Clearly, the lack of an effective education system poses various difficulties for the African community. For instance, poor access to education and poverty are the leading reasons for child slavery in Ghana.14 Furthermore, according to the human capital theory, access to higher education is firmly linked to the development of society and the region in general.15 Kane stresses, “educated citizens are the foundation for well-functioning democratic institutions, and for achieving social cohesion,”16 which is why it is important to address the contemporary issues regarding education in Africa.
Providing high-quality education to girls would address the gender gap and promote female empowerment, helping to decrease the occurrence of issues such as gender violence, sexual assaults, and gendered social injustice.17 To develop an efficient approach to transforming the education system, however, it is necessary to understand the nature of the existing issues. Therefore, the knowledge of historical development of the education sector, including the political and cultural factors that influenced its structure in the past both positively (for instance, European colonization) and negatively (e.g. postcolonial nationalism and the economic crisis), is essential to generate a sufficient, well-rounded solution.
Aina, Tade Akin. “Beyond Reforms: The Politics of Higher Education Transformation in Africa.” African Studies Review 53, no. 1 (2010): 21-40. Web.
Alidou, Hassana, Aliou Boly, Birgit Brock-Utne, Yaya Satina Diallo, Kathleen Heugh, and H. Ekkehard Wolff. “Optimizing Learning and Education in Africa – the Language Factor.” Association for the Development of Education in Africa (ADEA), 2006. Web.
Assié-Lumumba, N’Dri Thérèse. Higher Education in Africa: Crisis, Reforms and Transformation. Saint Paul: Council for the Development of Social Science Research in Africa, 2006.
Genova, James Eskridge. Colonial Ambivalence, Cultural Authenticity, and the Limitations of Mimicry in French-ruled West Africa, 1914-1956. New York: Peter Lang Publishing, 2004.
Huxley, Elspeth. “Two Revolutions That Are Changing Africa: While nationalism is…” New York Times, May 19, 1957.
Kane, Eileen. Girls’ Education in Africa: What Do We Know About Strategies That Work? African Region: The Word Bank, 2004.
Muller, Walter, and Wolfgang Karle. “Social Selection in Educational Systems in Europe,” European Sociological Review 9, no. 1 (1993): 1-23. Web.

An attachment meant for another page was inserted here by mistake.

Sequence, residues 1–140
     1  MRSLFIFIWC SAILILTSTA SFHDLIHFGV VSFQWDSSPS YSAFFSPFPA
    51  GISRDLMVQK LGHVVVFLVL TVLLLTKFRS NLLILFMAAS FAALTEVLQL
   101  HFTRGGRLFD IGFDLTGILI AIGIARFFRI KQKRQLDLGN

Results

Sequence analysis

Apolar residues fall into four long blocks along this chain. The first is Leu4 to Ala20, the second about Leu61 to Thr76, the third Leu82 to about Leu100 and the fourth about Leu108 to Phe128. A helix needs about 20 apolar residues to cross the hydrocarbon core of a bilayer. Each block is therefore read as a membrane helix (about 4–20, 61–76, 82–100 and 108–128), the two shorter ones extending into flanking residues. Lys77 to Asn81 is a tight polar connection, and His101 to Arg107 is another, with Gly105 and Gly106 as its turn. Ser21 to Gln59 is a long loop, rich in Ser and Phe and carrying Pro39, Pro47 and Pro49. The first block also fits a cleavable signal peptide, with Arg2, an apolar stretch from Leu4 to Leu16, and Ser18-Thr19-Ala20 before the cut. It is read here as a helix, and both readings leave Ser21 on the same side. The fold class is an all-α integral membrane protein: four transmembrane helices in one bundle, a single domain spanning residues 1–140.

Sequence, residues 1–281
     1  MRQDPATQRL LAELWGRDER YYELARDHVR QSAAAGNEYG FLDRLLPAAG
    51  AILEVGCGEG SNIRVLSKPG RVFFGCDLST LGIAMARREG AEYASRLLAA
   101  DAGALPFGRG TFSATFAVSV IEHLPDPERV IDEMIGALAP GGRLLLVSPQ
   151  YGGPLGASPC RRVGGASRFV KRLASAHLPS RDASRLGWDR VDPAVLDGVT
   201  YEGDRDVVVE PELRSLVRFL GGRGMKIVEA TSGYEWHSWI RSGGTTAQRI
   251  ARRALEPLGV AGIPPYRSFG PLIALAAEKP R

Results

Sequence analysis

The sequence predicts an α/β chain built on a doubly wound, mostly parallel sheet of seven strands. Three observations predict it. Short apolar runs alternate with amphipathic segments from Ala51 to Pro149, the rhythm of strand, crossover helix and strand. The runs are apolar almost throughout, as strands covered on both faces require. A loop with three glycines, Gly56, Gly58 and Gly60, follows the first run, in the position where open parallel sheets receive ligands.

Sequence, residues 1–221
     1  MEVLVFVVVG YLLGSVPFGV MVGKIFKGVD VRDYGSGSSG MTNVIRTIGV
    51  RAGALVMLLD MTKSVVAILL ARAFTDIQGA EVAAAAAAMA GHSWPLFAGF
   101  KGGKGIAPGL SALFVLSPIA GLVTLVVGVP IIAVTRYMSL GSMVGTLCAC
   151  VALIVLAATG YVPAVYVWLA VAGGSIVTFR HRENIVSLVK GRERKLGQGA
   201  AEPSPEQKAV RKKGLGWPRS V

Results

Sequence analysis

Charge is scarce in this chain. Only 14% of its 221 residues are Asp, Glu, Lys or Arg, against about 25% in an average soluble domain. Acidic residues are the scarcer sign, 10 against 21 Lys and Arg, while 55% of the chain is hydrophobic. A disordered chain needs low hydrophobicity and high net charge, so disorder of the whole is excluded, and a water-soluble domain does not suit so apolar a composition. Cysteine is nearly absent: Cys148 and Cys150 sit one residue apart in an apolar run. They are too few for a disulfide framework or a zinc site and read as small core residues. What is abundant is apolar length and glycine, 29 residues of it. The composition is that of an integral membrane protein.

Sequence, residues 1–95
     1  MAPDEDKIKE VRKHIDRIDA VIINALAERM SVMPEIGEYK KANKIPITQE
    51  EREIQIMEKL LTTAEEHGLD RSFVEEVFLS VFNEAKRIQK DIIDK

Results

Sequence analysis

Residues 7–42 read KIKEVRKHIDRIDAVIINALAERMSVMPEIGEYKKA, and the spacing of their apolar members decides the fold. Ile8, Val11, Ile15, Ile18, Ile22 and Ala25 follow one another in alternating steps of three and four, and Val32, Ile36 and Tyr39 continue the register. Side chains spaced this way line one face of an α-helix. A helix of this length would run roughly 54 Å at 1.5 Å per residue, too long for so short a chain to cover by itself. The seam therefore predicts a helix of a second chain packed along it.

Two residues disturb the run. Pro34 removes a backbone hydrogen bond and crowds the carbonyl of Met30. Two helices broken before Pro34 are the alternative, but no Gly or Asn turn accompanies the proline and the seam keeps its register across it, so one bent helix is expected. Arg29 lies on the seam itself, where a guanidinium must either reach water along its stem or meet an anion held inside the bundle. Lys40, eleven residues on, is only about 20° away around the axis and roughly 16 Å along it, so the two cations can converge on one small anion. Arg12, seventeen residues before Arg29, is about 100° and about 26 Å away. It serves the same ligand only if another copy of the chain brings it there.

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UNRIC. “Urgent Action Needed for the Eradication of Slavery and Child Labour in Ghana,” United Nations Regional Information Centre for Western Europe, 2013. Web.
Woldegiorgis, Emnet Tadesse, and Martin Doevenspeck. “The Changing Role of Higher Education in Africa: A Historical Reflection,” Higher Education Studies 3, no. 6 (2013): 35-45. Web.
- Walter Muller and Wolfgang Karle, “Social Selection in Educational Systems in Europe,” European Sociological Review 9, no. 1 (1993): 1, Web.
- Emnet Tadesse Woldegiorgis and Martin Doevenspeck, “The Changing Role of Higher Education in Africa: A Historical Reflection,” Higher Education Studies 3, no. 6 (2013): 35, Web.
- Woldegiorgis and Doevenspeck, “The Changing Role of Higher Education in Africa: A Historical Reflection”: 37.
- See note 3.
- James Eskridge Genova, Colonial Ambivalence, Cultural Authenticity, and the Limitations of Mimicry in French-ruled West Africa, 1914-1956 (New York: Peter Lang Publishing, 2004): 111.
- See note 5.
- Tade Akin Aina, “Beyond Reforms: The Politics of Higher Education Transformation in Africa,” African Studies Review 53, no. 1 (2010): 28, Web.
- Elspeth Huxley, “Two Revolutions That Are Changing Africa: While nationalism is…” New York Times, May 19, 1957: 2.
- Woldegiorgis and Doevenspeck, “The Changing Role of Higher Education in Africa: A Historical Reflection”: 40.
- Eileen Kane, Girls’ Education in Africa: What Do We Know About Strategies That Work? (African Region: The World Bank, 2004): 59-60.
- Hassana Alidou et al., “Optimizing Learning and Education in Africa – the Language Factor,” Association for the Development of Education in Africa (ADEA), 2006: 7, Web.
- N’Dri Thérèse Assié-Lumumba, Higher Education in Africa: Crisis, Reforms, and Transformation (Saint Paul: Council for the Development of Social Science Research in Africa, 2006): 129.
- Kane, Girls’ Education in Africa: What Do We Know About Strategies That Work?: 133-134.
- UNRIC, “Urgent Action Needed for the Eradication of Slavery and Child Labour in Ghana,” United Nations Regional Information Centre for Western Europe, Dec. 4, 2013: par. 1, Web.
- N’Dri Thérèse Assié-Lumumba, Higher Education in Africa: Crisis, Reforms, and Transformation: 45.
- Kane, Girls’ Education in Africa: What Do We Know About Strategies That Work?: vii.
- Kane, Girls’ Education in Africa: What Do We Know About Strategies That Work?:58.